Slim Whitman obituary

Yodelling country singer best known for Rose Marie and Indian Love Call

The singer Slim Whitman, who has died aged 90, was a noteworthy figure in country music, since, although he was hugely popular outside the Us, for most of his career he was almost forgotten in his own country. In the 1970s, two decades after his American heyday, he still commanded enough of a following in the UK to be voted the No 1 international star in a music poll – four times.

Much of the reason for his success outside the Us was his high, clear, strong singing and almost operatic yodelling, characteristics that several generations in Britain, Australia and South Africa have assimilated into their notions and fantasies of the old west of America. One of Whitman's chief models was Wilf Carter, a Nova Scotian yodeller and singer of cowboy songs who was popular throughout north America in the 30s
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A Chorus of Disapproval; Mademoiselle Julie – review

Harold Pinter theatre; Barbican, London

Trevor Nunn began the summer by directing a heavy-handed Kiss Me Kate; he ends it by staging a star-encrusted but tepid Chorus of Disapproval. What a waste. Of Alan Ayckbourn, whose 1984 play has not been taken seriously, and therefore looks unfunny. And of Nunn, who has been innovative (Nicholas Nickleby) and meticulous (his Merchant of Venice was a revelation because of its detail), and who has helped (with Gorky's Summerfolk) to widen the theatrical repertoire but is in danger of looking fusty.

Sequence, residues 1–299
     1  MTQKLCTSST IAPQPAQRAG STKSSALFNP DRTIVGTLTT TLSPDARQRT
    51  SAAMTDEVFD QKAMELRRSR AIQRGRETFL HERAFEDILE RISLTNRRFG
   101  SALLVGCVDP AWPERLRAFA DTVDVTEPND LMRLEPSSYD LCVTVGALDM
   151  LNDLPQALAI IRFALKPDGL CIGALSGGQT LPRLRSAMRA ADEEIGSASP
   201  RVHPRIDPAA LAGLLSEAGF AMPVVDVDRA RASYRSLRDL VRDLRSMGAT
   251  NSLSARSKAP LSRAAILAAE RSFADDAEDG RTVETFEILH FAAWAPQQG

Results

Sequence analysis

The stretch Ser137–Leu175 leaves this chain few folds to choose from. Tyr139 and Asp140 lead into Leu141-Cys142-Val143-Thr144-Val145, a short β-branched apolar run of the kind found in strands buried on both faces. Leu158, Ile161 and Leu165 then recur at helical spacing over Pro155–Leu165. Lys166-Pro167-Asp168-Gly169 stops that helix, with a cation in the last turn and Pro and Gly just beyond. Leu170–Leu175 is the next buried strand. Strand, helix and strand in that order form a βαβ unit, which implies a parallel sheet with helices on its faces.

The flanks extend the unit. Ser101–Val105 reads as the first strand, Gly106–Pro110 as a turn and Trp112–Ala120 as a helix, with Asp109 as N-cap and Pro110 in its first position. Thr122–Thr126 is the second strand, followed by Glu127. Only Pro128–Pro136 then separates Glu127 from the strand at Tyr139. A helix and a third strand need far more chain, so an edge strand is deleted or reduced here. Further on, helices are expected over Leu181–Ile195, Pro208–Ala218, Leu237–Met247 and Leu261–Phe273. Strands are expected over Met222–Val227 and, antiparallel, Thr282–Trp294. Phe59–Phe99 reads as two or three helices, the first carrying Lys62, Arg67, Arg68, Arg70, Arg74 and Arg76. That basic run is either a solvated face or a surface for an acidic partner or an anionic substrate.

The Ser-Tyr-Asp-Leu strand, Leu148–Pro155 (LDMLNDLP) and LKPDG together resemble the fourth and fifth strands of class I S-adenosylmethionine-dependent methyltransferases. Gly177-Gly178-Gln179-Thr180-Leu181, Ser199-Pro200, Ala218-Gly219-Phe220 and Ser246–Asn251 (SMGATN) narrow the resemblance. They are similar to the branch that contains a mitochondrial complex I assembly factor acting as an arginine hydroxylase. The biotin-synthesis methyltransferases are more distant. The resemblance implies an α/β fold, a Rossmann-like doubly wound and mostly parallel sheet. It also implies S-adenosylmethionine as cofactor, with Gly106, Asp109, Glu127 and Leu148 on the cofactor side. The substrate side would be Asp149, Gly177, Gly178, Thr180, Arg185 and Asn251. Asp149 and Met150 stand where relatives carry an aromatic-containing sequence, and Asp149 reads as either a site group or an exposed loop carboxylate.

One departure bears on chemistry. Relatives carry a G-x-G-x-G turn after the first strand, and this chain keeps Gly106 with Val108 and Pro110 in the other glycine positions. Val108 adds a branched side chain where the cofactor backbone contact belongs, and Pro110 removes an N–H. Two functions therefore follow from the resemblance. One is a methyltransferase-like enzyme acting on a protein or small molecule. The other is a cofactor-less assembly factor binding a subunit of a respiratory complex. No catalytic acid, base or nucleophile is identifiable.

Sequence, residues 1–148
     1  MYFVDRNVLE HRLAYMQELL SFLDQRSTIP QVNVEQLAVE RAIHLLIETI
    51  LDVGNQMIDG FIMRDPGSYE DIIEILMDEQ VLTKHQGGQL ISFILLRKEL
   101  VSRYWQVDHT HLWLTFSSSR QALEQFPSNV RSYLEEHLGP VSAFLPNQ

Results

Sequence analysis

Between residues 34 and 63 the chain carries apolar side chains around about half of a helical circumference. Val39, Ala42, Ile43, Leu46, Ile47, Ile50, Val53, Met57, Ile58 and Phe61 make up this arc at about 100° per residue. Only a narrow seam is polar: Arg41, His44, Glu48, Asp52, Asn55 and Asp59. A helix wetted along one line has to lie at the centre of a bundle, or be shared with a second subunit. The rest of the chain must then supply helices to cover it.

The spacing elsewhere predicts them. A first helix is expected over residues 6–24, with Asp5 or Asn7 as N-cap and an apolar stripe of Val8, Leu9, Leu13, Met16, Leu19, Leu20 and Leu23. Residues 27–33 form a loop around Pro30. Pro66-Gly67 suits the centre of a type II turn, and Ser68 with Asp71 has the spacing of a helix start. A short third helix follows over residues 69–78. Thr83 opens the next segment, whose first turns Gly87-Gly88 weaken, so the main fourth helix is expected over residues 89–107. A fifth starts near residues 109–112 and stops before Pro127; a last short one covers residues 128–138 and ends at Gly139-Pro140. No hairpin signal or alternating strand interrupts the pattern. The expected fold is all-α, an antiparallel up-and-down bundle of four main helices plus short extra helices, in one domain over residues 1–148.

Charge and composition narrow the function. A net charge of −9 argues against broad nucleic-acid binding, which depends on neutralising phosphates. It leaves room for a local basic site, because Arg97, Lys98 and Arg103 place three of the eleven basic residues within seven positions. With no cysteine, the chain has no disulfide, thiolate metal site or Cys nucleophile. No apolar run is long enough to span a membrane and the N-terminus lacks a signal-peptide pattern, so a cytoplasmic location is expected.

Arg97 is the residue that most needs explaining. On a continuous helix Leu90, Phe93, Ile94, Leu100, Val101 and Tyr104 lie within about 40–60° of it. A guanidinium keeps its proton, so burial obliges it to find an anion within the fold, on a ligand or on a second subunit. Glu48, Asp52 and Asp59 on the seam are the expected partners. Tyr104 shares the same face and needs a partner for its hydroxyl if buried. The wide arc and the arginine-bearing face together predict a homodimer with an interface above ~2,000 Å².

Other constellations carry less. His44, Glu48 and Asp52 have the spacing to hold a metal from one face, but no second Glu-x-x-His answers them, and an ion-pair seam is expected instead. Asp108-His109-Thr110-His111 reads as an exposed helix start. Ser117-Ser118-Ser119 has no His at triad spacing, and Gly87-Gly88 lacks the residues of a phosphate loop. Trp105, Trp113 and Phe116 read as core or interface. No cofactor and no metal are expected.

Rob Brydon fans may think his performance alone is enough to justify the price of a ticket. He certainly provides the high points of the evening. As the director of the Pendon Light Operatic Society's amateur production of The Beggar's Opera, Brydon is hangdog and top dog: bullying, cardiganed, down in the dumps, overweening. He unleashes a terrific riff when, while trying out
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